Roger Clemens

Peter Pressman, MD

Low-Carb Craze Unwarranted
Low-carbohydrate diets have developed into a multimillion-dollar industry. They promise healthy, rapid, and indulgent weight loss for relentless dieters. This is especially remarkable, since no randomized, controlled clinical trials evaluated its efficacy until 2003.

Foster et al. (2003) conducted a one-year, multi-center study among 63 obese men and women with a body mass index (BMI) greater than 30. The results demonstrated greater weight loss on the low-carbohydrate diet within the first six months than on a conventional diet of 1,200–1,800 kcal/day, but this apparent difference did not continue through the remainder of the study period.

Of particular interest is that the frequently observed dyslipidemia (elevated cholesterol, depressed HDL, increased LDL) associated with moderate overweight was not resolved between the study groups, and the post-prandial glucose and insulin levels did not differ. These results were also confounded with poor compliance and high attrition.

A review of the literature from January 1966 through February 2003 (Bravata et al., 2003) indicates that there is not a clear consensus as to what amount of carbohydrates consumed daily constitutes a low-carbohydrate diet; and that there is insufficient evidence to make recommendations for use of low-carbohydrate diets, especially among subjects older than 50 years of age or for more than 90 days. Among the reviewed studies, participant weight loss while using low-carbohydrate diets was principally associated with decreased caloric intake and diet duration but not with reduced carbohydrate content.

While clinical and scientific impression is that any diet that ensures caloric restriction—e.g., limits food choices—will promote weight loss, the overwhelming popular trend continues to emphasize regimens organized around high-fat, high-protein content. Popularity of this dietary strategy persists despite available evidence suggesting that long-term safety and improved compliance are strongly associated with moderate fat balance and variety in a diet regimen (Freedman et al., 2001).

In discussing variety, it is worth noting the popular impression that the prevalence of refined sugar and fast-food is causally linked to obesity. Epidemiological data refute this assertion dramatically. World Health Organization data (DeOnis and Blössner, 2000) demonstrate that some of the highest rates of childhood obesity occur in developing countries and Eastern Europe, where access to refined sugar and processed food is virtually nonexistent.

Thus, calories do count, the source of those calories may not require conformation to some extreme ideal, and most diet algorithms that effectively reduce caloric intake do result in weight loss. Achieving and maintaining a healthy weight over a meaningful duration is another matter. Medically supervised, safe and effective weight reduction is not an acute event, but a chronic process that includes simultaneous caloric restriction (through a diet that truly facilitates compliance) and regular physical activity (Freedman et al., 2001).

Never before in history have we enjoyed such quality, quantity, and variety of food, but we have a growing responsibility to develop and market foods that reduce the risk of acute and chronic disease. We’ve gone beyond basic nutrition and are responding to consumer demands for rapid adjuncts to health. In the face of these unprecedented market pressures, it is essential that food industry innovation be scientifically based and medically well founded. The evidence demands critical examination and rational decisions rather than implicit promotion of fads and crazes.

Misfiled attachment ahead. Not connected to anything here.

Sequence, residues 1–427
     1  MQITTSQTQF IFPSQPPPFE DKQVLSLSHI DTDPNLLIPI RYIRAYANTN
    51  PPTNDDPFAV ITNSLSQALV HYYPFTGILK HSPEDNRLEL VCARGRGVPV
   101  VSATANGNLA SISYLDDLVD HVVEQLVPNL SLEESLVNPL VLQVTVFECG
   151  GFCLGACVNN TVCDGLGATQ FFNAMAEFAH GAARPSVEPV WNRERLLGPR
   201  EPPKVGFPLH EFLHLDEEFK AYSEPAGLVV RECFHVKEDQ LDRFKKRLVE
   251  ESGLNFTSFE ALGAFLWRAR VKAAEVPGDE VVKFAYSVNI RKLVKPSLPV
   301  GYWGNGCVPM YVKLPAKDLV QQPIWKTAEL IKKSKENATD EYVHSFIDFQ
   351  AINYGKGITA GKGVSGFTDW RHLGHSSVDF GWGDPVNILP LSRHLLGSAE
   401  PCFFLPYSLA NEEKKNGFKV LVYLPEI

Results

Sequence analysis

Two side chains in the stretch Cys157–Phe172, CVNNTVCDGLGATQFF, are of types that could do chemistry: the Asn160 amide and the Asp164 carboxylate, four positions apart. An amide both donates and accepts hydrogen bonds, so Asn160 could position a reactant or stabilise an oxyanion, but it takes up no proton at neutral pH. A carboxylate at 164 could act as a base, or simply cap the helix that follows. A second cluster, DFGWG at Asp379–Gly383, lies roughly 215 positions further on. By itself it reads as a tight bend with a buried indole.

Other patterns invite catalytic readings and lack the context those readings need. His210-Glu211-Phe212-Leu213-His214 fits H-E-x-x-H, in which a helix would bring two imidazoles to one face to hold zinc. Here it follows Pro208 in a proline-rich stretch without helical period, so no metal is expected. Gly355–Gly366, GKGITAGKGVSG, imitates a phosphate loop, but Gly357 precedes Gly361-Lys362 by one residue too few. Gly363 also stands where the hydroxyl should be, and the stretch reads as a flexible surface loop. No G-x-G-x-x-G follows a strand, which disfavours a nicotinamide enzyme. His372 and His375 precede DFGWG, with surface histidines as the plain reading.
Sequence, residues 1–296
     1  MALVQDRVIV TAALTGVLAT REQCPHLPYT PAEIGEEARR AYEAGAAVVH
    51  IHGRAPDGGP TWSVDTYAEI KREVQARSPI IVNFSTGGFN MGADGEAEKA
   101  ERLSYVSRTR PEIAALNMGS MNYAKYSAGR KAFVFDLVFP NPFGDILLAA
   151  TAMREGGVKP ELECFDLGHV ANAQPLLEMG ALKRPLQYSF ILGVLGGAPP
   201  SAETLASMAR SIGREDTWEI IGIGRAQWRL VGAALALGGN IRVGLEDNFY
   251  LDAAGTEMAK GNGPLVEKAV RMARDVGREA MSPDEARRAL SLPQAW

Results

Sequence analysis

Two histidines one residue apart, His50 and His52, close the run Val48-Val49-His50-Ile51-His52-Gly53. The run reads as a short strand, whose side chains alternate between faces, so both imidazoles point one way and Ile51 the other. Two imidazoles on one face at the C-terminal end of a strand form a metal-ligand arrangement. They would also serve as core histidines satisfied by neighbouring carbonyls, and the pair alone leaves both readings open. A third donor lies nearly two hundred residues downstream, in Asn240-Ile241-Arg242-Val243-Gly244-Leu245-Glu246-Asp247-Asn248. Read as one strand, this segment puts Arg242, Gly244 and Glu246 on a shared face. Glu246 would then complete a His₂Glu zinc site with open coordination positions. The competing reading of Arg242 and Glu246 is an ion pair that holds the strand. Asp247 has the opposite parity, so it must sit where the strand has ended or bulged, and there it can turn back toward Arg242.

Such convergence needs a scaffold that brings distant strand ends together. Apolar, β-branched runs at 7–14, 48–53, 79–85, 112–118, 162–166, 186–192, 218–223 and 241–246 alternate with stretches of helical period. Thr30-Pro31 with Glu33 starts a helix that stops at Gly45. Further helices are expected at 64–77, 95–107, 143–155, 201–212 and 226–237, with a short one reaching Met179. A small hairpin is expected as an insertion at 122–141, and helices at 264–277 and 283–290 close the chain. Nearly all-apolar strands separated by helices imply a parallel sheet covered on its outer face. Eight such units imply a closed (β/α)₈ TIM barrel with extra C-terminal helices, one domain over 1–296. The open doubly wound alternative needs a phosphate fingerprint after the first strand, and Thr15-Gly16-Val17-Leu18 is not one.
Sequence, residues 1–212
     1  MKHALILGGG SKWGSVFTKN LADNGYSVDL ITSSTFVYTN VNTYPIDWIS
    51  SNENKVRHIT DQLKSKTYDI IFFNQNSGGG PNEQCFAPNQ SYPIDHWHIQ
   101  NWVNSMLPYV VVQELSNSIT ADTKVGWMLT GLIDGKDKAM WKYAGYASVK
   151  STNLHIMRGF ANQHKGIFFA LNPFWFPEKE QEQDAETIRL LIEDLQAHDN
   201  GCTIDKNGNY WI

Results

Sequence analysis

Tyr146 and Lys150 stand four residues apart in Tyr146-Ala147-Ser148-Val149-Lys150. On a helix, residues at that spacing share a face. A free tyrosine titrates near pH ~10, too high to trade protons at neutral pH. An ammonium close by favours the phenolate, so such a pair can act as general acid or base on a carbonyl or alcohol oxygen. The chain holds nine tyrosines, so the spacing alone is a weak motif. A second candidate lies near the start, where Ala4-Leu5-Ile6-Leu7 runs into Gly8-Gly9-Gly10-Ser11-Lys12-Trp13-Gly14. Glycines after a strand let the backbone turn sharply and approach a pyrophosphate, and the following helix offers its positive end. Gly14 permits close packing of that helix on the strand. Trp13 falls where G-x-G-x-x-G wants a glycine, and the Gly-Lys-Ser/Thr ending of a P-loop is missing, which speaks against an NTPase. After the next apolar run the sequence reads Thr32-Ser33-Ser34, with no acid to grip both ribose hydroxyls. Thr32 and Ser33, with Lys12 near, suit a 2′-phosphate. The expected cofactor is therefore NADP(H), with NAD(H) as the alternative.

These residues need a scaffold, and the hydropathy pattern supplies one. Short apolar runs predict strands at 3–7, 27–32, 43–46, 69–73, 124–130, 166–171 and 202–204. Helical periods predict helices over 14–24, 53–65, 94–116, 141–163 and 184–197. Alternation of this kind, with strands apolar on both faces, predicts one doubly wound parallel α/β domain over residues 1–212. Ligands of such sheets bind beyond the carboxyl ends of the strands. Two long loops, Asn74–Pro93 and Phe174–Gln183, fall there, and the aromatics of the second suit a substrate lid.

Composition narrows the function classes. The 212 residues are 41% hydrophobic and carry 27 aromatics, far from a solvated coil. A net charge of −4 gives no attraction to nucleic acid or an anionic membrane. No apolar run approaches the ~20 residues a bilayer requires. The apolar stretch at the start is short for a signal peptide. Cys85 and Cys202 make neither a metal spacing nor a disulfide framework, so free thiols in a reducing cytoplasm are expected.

Obesity prevention and health improvement are everyone’s responsibilities. These include “model” eating habits and moderate exercise. In conjunction with evidence-based, clinically validated dietary regimens, what seems essential are partnerships among academic institutions, food industry members, regulatory agencies, and popular media that promote healthy diets and appropriate levels of physical activity.

This is the first of a continuing series of articles that will provide medical and scientific perspectives on the relationship of food, medicine, and public health.

by ROGER CLEMENS, Dr. P.H.
Contributing Editor
Director, Analytical Research & Services
Adjunct Professor,
Molecular Pharmacology & Toxicology
USC School of Pharmacy, Los Angeles, Calif
[email protected]

by PETER PRESSMAN, M.D.
Contributing Editor
Assistant Professor of Clinical Medicine
USC Keck School of Medicine, Los Angeles, Calif.
[email protected]

About the Author

Peter Pressman, MD
Director, The Daedalus Foundation
[email protected]

References

Bravata, D.M., Sanders, L., Huang, J., Krumholz, H.M., Olkin, I., Gardner, C.D., and Bravata,D.M. 2003. Efficacy and safety of low-carbohydrate diets: A systematic review. J.Am. Med. Assn. 289: 1837-1850.

deOnis, M. and Blössner, M. 2000. Prevalence and trends of overweight among preschool children in developing countries. Am. J. Clin. Nutr. 72: 1032-9.

Foster, G.D., Wyatt, H.R., Hill, J.O, McGuckin, B.G., Brill, C., Mohammed, S., Szapary, P.O., Rader, D.J., Edman, J.S., and Klein, S. 2003. A randomized trial of a low-carbohydrate diet for obesity. New Eng. J. Med. 348: 2082-2090.

Freedman, M.R., King, J., and Kennedy, E. 2001. Popular diets: A scientific review. Obes. Res. 9(Suppl. 1): 1S-40S.